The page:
Guy Grooming: Manicures and Pedicures
by brian freedman
Get a grip: Find the necessary tools at your fingertips.
In general my wife doesn’t get terribly excited about my writing assignments. As someone whose work tends to focus on food, drinks, and travel, jobs usually fall into one of two categories, neither of which benefits her much. Either I sit on an airplane for an inordinate amount of time, drugging myself into a jet-lag-killing stupor until I wake in some far-flung part of the planet, or I taste enough wine and other breath-poisoning consumables to blacken my teeth and make my mouth smell like a sink full of dirty dishes.
So when this assignment landed on my desk—to go out, get a bunch of manicures and pedicures, and write about them—my wife could barely contain her excitement. Not only was this a rare story for which I would be doing something to make myself look and smell better, but it would be a chance, she seemed to think, to shake me out of my usual writer’s slovenliness. (I make my living most days in shorts and a T-shirt, and my fingernails resemble a science experiment: chewed cuticles and hangnails, and toenails hardly worthy of inhabiting nice shoes.)
Which is why, halfway through my manicure at the expansive, lovely Oggi Salon & Spa (1700 Locust St., 267-735-0707), I found myself slipping into a realm of relaxation that I hadn’t felt in years. Yelena Bosin, the fantastic nail technician who’s been grooming guys into men for nearly 30 years, had filed and shaped my claws into actual, presentable nails. She had snipped away the cuticles on either side of the nail, but left the base intact. (Apparently, the skin of my nail beds is particularly thin and the base should never be clipped, lest it starts peeling away.) She massaged my hands in such a way that the early-onset carpal tunnel syndrome I am convinced I suffer from melted away like a cheap birthday candle. And then she polished me: a coat of Essie Man-E-Cure matte finish that has not only protected my newly presentable nails but frankly feels damn good to wear—like a snug, well-tailored suit for my hands.
The next day, clearly still suffering for my work, I visited the Jay Michael Salon and Spa (1600 Arch St., 215-514-8000). There, Cati Gheorghe, one of the top pedicurists in the city with a roster of clients that reads like a who’s who of Philadelphians, affected a transformation on my feet so complete, so seemingly magical, that even now, 24 hours later, they still don’t really look like my own.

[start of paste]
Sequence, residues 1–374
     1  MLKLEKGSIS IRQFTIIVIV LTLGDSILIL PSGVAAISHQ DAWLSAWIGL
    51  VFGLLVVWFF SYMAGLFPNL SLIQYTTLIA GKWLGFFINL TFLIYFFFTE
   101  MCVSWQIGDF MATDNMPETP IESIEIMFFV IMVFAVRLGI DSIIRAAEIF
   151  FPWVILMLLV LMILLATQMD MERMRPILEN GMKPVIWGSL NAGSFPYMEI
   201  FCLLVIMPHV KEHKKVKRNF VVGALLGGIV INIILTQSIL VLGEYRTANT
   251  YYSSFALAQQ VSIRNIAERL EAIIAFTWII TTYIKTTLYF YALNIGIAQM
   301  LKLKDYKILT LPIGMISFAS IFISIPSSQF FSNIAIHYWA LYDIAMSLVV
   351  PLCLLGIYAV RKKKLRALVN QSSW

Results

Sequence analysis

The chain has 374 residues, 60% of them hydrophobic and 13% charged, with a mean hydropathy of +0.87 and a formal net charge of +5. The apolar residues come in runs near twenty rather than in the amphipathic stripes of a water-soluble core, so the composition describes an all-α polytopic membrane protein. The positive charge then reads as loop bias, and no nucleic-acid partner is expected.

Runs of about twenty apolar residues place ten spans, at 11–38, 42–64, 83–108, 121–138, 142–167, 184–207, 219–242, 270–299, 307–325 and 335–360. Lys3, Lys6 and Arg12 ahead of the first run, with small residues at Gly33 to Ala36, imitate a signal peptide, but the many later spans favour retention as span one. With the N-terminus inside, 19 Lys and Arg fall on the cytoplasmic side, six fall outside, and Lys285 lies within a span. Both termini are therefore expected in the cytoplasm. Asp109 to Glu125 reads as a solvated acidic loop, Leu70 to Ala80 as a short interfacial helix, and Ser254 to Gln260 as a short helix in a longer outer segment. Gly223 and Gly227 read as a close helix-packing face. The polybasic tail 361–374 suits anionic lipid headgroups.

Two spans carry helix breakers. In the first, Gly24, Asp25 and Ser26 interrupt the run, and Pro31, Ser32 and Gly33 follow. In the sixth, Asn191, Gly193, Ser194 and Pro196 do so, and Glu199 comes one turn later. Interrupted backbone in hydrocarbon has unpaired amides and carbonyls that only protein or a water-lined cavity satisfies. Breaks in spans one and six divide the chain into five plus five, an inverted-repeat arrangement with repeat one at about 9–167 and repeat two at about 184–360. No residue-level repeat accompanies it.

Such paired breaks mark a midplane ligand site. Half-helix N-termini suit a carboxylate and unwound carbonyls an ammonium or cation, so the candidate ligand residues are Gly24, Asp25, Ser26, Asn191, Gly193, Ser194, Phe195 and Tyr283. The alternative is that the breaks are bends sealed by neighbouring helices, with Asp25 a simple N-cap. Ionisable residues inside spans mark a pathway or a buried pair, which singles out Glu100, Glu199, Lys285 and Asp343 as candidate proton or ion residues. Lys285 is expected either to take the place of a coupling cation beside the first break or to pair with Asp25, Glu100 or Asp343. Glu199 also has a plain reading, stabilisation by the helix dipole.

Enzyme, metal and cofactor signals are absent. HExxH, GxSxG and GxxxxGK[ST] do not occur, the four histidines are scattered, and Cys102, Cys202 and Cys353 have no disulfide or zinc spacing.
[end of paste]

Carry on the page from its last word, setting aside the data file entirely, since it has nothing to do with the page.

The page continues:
Gheorghe trained as a podiatrist in Romania before coming to the US decades ago, and her knowledge of the human foot is so deep that “anyone with foot problems [often] goes to Cati over a podiatrist,” says Sarah Keating, owner and partner of Jay Michael.
This, it turns out, is the major benefit of manicures and pedicures that most men fail to realize: Nail work is not just about aesthetics. Rather, it leads to healthier hands and feet, and more confidence in public and business situations.
All over the region it seems that men are taking advantage of this—though not always alone. Janice Stein, a technician at Ame Salon and Spa (111 Waynewood Ave., Wayne, 610-995-2631), told me that, although the majority of the manicures and pedicures the salon does are for an older demographic, younger men are also taking advantage of them—more often than not alongside their girlfriends, as part of a couples’ experience. And Jessica Hammel, president of American Male (37 S. 16th St., 215-496-0229), also told me that the salon’s nail clients skew older than its hair customers, and that, interestingly, she see a younger clientele in the Philadelphia location than at the Berwyn outpost.
From personal experience, however, I can confirm that investing an hour or so in a manicure and pedicure is a more than justifiable expense—no matter how old you are—and one that more of my fellow males would do well to take advantage of. They make you look better and feel better, and, if my experience is in any way applicable to the Philly-area guy population at large, they just may help your relationship. It’s cheaper than therapy, and you don’t have to go every week. Now that is a bargain.
photography by thinkstock